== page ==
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October 22, 2014
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Silva surges in Brazil poll, runoff certain

Brazilian politician Marina Silva attends the wake for late presidential candidate Eduardo Campos, at the Pernambuco Government Palace in Recife, on Sunday.

Environmentalist ties president in likely second round; Neves seen fighting for survival

BRASILIA — Marina Silva’s entry into Brazil’s presidential race will almost certainly force the October election into a second-round runoff and the environmentalist could even unseat President Dilma Rousseff, according to a poll released yesterday.

It showed Silva with the support of 21 percent of voters, almost three times more than centre-left candidate Eduardo Campos, who she is poised to replace on the Brazilian Socialist Party’s ticket after his death last week in a plane crash.

Support for Rousseff in the survey by polling firm Datafolha was unchanged from last month at 36 percent and remained at 20 percent for centrist and market favourite Aécio Neves, showing that Silva’s surge came among voters who were previously undecided.

The poll showed Silva depriving Rousseff of the votes she needs to win the election outright in the first round of voting on October 5. It also showed Silva ahead of Rousseff by four percentage points if there is a runoff between the two — the difference is consedered a statistical tie given that the poll has a margin of error of two points.

If Silva can sustain that momentum, she could pose the biggest threat to the ruling Workers’ Party since it was voted in under Luiz Inácio Lula da Silva almost 12 years ago.

Brazil’s stocks and currency gained yesterday as investors welcomed the prospect that Rousseff could be defeated, ending interventionist policies that have soured business confidence in Brazil’s once-booming economy.

The poll was not all bad news for Rousseff, however. It showed that her government’s approval rating rose six percentage points to 38 percent, probably due to a slowdown in inflation, which is a major concern for voters.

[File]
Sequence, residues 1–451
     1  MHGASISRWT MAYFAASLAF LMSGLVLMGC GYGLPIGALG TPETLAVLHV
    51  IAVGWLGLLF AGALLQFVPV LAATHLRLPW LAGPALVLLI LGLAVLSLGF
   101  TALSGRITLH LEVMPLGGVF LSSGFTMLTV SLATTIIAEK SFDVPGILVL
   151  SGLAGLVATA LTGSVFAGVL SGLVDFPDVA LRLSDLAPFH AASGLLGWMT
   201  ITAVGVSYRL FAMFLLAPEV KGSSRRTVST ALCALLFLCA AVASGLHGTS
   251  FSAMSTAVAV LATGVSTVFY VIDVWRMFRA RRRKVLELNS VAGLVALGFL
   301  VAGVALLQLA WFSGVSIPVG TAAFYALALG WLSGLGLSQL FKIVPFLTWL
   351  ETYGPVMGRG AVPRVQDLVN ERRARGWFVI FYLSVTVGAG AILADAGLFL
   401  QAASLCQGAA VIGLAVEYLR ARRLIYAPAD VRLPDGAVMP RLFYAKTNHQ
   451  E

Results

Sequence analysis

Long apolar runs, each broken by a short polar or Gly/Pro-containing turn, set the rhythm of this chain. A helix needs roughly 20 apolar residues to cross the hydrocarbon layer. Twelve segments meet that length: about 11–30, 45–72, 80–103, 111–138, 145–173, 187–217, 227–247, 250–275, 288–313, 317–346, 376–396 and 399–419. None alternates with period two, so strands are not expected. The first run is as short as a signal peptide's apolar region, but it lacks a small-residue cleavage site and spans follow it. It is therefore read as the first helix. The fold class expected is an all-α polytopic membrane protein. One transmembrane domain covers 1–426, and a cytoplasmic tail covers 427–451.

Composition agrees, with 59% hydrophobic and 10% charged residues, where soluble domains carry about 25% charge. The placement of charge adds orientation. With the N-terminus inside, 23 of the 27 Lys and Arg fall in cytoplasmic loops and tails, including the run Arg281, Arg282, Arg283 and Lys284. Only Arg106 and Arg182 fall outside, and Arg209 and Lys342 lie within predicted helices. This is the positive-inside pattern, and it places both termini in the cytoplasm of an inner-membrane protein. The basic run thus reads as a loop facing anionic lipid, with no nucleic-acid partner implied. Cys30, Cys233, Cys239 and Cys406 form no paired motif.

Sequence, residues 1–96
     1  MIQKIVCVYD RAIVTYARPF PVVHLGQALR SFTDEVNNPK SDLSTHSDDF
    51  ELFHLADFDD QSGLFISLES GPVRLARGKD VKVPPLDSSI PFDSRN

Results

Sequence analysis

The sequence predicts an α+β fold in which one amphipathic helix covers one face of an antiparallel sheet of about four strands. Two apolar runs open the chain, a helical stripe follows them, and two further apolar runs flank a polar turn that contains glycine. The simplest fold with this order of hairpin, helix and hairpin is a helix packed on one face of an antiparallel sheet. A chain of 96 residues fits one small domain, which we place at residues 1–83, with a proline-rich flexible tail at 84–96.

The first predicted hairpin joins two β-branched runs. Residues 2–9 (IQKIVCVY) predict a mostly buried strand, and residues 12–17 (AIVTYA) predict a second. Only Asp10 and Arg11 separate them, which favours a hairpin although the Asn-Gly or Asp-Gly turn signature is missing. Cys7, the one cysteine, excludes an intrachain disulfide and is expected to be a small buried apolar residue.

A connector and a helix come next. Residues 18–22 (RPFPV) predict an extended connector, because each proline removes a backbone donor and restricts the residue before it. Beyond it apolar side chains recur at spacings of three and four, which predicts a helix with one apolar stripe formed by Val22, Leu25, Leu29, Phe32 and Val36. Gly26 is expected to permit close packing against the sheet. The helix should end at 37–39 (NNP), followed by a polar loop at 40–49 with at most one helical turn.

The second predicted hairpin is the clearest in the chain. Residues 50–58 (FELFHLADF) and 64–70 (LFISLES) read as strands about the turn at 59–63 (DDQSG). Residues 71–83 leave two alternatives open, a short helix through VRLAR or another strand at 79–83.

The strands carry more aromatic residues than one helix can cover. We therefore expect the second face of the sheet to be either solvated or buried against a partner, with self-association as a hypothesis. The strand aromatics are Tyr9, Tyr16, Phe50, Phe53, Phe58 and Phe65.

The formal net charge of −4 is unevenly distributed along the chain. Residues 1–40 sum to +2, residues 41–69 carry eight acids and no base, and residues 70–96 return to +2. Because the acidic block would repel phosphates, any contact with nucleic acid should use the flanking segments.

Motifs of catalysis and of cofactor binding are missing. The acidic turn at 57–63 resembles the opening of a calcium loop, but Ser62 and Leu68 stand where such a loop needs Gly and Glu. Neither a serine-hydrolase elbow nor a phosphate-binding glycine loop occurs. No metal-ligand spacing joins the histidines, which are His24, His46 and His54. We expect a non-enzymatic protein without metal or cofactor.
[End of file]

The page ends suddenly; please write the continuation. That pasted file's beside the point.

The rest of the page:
Silva’s numbers may have been given a short-term boost by public sympathy over Campos’ death and analysts said it is still Rousseff’s election to lose. Silva had been Campos’ running mate until he was killed in a plane crash last week.

“You can’t rule out a contender who is still in first place,” said Thiago de Aragão, a partner at Arko Advice, a political risk consultancy in Brasilia.

“Rousseff has a bigger party structure, she is still leading, and she has more TV time and money. If she uses those advantages to the fullest, it’s going to be hard to lose.”

The poll raised red flags for Neves, who had been Rousseff’s main challenger but is now one percentage point behind Silva.

“Neves is now fighting for survival and will have to step up his criticism of Silva for her environmental policies that worry investors,” said André César, a political analyst in Brasilia.

Change of strategy

Rousseff will have to change her campaign strategy, which until now has focused on painting Neves as an elitist intent on undoing the social gains that poorer Brazilians have enjoyed in recent years, said Tony Volpon, head of emerging markets research at Nomura Securities.

This “us versus them” rhetoric, Volpon said in a note to clients, will not work with Silva, the daughter of illiterate rubber-tappers who used to be a member of the Workers’ Party and also served as Lula’s Environment minister.

The Datafolha poll was the first based on Silva’s expected election run and could be skewed by a sympathy vote. The numbers could change when Silva hits the campaign trail and begins to outline her policies.

Silva appeals to young voters disillusioned with Brazil’s establishment and seeking an alternative to the two-decades-old rivalry between Rousseff’s Workers’ Party and Neves’ Brazilian Social Democracy Party.

Her rejection numbers are also much lower: 11 percent said they would never vote for Silva, versus 34 percent for Rousseff.

Silva’s anti-establishment style has also endeared her to Brazilians who took to the streets last year to protest against corruption, the high cost of living and poor public services.

A devout Pentecostal Christian, she also has a loyal following among evangelical voters, an increasingly influential segment of the Brazilian electorate.

Another first round scenario without Silva — whose candidacy has yet to be formally announced by the PSB — shows Rousseff with 41 percent voter support and Neves with 25 percent, according to the poll.

Herald with Reuters, Bloomberg

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